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Decades of research show copper is antimicrobial
In 2002 the U.S. Environmental Protection Agency was searching for a way to stop the spread of deadly diseases in hospitals. The EPA approved the registration of copper as antimicrobial, officially stating copper is capable of killing harmful, potentially deadly microbes. Since then a huge outpouring of research from universities, hospitals, and labs around the world proves that copper kills many viruses and bacteria rapidly on contact.

Research by universities, hospitals, and government show solid copper kills microbes on contact in minutes.

Many hospitals switched to copper touch surfaces
Copper even kills antibiotic resistant bacteria such as MRSA. Hospitals have tested solid copper as a replacement for touch surfaces such as patient bed rails, tray tables, chair arms, doorknobs, faucets, etc. In hospitals tested, hospital-acquired infections dropped dramatically.

Researchers have identified over 100 microbial pathogens that copper inactivates, including cold and flu viruses.

How does copper work?
Scientists have identified a number of ways copper can destroy bacteria and viruses. One is electrical. It is strongly suspected that when a bacterium comes in contact with a copper surface, a short circuiting of the current in the cell membrane occurs. This weakens the membrane and creates holes in.

Researchers say a tiny electric charge in microbe cells gets short-circuited by the high conductance of copper. This destroys the microbe germ rapidly. In other words, copper "zaps" the microbe.

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In the Resource Links are citations and excerpts from copper research reports.
Resource Links

These are some of the scientists whose research, among others, helped inspire the idea for CopperZap
Professor Bill Keevil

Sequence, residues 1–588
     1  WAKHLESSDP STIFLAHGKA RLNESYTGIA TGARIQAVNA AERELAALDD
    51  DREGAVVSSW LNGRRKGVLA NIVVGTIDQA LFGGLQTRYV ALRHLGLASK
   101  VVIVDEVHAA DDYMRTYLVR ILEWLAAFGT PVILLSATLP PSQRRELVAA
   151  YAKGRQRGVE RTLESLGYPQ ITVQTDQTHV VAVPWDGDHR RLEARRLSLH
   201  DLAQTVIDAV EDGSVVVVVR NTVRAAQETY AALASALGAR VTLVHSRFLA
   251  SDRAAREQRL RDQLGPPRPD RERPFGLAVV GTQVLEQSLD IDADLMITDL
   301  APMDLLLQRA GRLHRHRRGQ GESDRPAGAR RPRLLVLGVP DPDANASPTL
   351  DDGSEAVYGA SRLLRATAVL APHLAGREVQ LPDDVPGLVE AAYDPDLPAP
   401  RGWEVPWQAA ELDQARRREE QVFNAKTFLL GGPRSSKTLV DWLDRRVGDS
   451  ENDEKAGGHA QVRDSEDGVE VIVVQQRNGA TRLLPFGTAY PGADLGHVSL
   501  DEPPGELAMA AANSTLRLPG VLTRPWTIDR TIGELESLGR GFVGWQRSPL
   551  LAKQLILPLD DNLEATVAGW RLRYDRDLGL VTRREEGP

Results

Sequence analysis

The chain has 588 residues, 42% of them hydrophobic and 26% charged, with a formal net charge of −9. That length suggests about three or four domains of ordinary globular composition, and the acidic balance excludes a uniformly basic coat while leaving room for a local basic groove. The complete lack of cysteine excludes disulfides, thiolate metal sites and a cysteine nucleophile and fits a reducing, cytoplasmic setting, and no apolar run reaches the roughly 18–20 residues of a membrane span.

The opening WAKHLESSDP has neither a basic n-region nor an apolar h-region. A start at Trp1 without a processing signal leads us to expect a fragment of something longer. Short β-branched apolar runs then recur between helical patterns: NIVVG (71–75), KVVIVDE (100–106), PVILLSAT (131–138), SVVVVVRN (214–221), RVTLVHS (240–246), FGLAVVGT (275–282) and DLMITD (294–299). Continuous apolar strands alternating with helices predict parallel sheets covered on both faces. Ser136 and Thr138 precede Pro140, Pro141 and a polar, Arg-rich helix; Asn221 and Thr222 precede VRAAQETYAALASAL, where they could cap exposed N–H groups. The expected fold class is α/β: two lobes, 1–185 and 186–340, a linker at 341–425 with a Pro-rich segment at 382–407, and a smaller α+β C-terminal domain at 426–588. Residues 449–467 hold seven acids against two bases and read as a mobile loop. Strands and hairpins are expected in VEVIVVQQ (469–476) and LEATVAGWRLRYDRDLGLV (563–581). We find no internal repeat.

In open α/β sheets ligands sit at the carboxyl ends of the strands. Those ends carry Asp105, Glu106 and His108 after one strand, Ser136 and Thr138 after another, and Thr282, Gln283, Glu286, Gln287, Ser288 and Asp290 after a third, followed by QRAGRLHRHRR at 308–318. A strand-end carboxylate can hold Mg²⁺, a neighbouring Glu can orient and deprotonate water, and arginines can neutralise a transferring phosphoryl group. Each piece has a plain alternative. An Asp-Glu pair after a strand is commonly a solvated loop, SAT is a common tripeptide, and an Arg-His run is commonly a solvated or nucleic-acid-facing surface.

Director of the Environmental Healthcare Unit in the School of Biological Sciences, and his team at the University of Southampton, examine survival rates of deposits of pathogens (including MRSA, E Coli, Listeria monocytogenes, Influenza A(H1N1), Aspergillus niger, Clostridium difficile) on stainless steel (the metal most commonly used in healthcare and food processing institutions) and on a range of copper alloys.
Dr. Christopher Rensing
While at the University of Arizona, Dr. Rensing demonstrated that copper starts killing microbes in less that a minute after direct contact with a copper surface. He coined the term “contact killing” for the effect of copper on microbes.
Dr. Gregor Grass
Dr. Gregor Grass, Institut für Mikrobiologie der Bundeswehr. General research interests are in microbe-metal interactions. One focus of his research is concerned with the mode-of-antimicrobial action exerted by metallic copper surfaces.
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Disclaimer: Statements in this document are not intended and should not be interpreted as product health claims, and have not been evaluated by the FDA. CopperZap® is not claimed to diagnose, treat, cure, or prevent any disease. Not for environmental use. Does not replace any health practices like hand-washing or vaccines. Seek medical advice for illness or health emergency.